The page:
It has taken nearly 50 years of trying, but the Presbyterians next week are going to heal the split that divided them 122 years ago.
If all goes according to plan, the United Presbyterian Church in the U.S.A.--the Northern church--and the Presbyterian Church in the U.S.--the Southern church--will merge on Friday afternoon in Atlanta and become simply the Presbyterian Church (U.S.A.)
The long-planned-for Presbyterian reunion will put back together the major stream of Calvinism in this country, which was divided by the controversy over slavery and the Civil War. But the architects of the reunion see the merger as a sign of hope for the future rather than just patching up the past.
"If we are able to seize the moment, I look for this event to turn the churches around," said the Rev. J. Randolph Taylor of Charlotte, N.C., who has been actively involved in reunion negotiations since l969 and is widely considered the front runner of three candidates for moderator--the top elective post--in the new church.
"The churches are more at one on this issue merger than they've been in 25 years," Taylor continued. That unanimity and enthusiasm will provide the new church with "the chance to get beyond the old polarities of evangelism and social action that have stymied us in the past," said Taylor, who was pastor of Washington's Church of the Pilgrims from 1956 to 1967.
The negotiations, planning and adjustments involved in establishing the merged church will force Presbyterians, Taylor said, "to rethink our ministry to the nation and the world. If we are able, by the grace of God, to rise to the occasion, it will make a great deal of difference."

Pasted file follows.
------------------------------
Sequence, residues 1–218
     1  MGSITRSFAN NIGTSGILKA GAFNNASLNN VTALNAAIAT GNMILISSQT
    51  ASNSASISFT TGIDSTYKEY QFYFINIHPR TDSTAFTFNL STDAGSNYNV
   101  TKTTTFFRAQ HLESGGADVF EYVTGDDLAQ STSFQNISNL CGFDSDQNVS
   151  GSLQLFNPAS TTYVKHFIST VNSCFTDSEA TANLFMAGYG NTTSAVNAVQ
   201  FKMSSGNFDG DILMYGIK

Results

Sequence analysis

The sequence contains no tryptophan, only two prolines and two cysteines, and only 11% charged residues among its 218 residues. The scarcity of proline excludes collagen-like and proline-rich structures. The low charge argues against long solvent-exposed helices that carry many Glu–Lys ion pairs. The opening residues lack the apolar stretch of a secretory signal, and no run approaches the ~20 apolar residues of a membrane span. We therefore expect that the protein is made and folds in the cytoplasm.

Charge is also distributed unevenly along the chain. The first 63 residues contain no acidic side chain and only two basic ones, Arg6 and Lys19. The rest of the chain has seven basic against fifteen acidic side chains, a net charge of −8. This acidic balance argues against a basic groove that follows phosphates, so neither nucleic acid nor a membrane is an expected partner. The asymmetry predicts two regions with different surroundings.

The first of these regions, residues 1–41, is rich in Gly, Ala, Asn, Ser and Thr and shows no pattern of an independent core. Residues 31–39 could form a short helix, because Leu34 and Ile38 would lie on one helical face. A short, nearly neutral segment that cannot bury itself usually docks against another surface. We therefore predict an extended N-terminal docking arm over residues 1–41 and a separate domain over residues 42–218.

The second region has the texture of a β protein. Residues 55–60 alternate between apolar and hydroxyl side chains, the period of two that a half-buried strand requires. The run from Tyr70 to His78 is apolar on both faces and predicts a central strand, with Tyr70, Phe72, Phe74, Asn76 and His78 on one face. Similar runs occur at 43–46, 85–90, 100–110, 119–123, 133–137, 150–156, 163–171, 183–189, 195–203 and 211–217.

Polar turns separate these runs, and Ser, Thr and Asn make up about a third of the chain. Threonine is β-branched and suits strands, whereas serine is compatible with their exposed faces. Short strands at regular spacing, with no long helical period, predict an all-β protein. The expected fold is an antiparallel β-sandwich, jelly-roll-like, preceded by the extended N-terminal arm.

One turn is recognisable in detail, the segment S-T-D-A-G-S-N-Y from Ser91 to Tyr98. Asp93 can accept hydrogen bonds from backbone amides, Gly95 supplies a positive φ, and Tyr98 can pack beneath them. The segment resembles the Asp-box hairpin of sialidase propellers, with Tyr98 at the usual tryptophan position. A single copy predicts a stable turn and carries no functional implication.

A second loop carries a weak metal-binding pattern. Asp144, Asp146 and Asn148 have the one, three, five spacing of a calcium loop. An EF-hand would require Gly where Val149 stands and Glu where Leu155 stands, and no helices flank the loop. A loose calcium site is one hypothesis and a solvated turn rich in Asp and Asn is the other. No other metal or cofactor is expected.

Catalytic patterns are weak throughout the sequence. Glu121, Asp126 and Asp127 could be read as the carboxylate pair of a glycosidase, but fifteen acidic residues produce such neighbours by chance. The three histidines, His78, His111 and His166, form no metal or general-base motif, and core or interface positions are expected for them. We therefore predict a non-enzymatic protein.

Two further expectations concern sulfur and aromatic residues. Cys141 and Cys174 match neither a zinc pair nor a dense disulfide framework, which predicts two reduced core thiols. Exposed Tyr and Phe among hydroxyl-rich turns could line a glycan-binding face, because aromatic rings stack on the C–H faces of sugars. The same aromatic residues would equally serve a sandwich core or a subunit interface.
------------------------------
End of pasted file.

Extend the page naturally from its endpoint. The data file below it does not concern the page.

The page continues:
The great national upheaval of a century and a quarter ago, which produced the Civil War, split Baptist and Methodist, as well as Presbyterian Churches, along North-South lines. Methodists got back together in 1939, although retaining a racially separate jurisdiction until a dozen years ago. Baptists have drifted so far apart theologically and culturally that reunion has not been seriously considered.
With the Presbyterians, it was not slavery as such but the issue of loyalty to the Union which precipitated the schism. The Civil War already had begun when at the May 1861 Presbyterian Assembly, the Rev. Gardiner Spring introduced a resolution calling on all Presbyterians, North and South, to pledge support to the federal government.
In a foretaste of the controversy over social action that has persisted in some quarters to this day, 57 delegates protested the action as not spiritual and thus not the province of the church. But the Spring resolution was adopted, and in the subsequent summer, as the fratricidal war progressed, 47 regional presbyteries withdrew from the General Assembly.
Subsequently, the Presbyterian Church in the Confederate States was formed, and the two streams of Presbyterianism went their separate ways.
The Rev. Dr. John Mulder, church historian and president of the Louisville Theological Seminary, operated jointly by northern and southern Presbyterians, dates the real beginning of efforts at reunion in 1937, when the southern church created a formal committee to explore reunion.
A plan for reunion was hammered out and tentatively approved by both churches by 1954. But just before final action was slated, the Supreme Court issued its school desegregation decision. "Race, as well as theological and other differences, decisively shaped the voting in the PCUS southern church presbyteries, and the plan was defeated," Mulder said.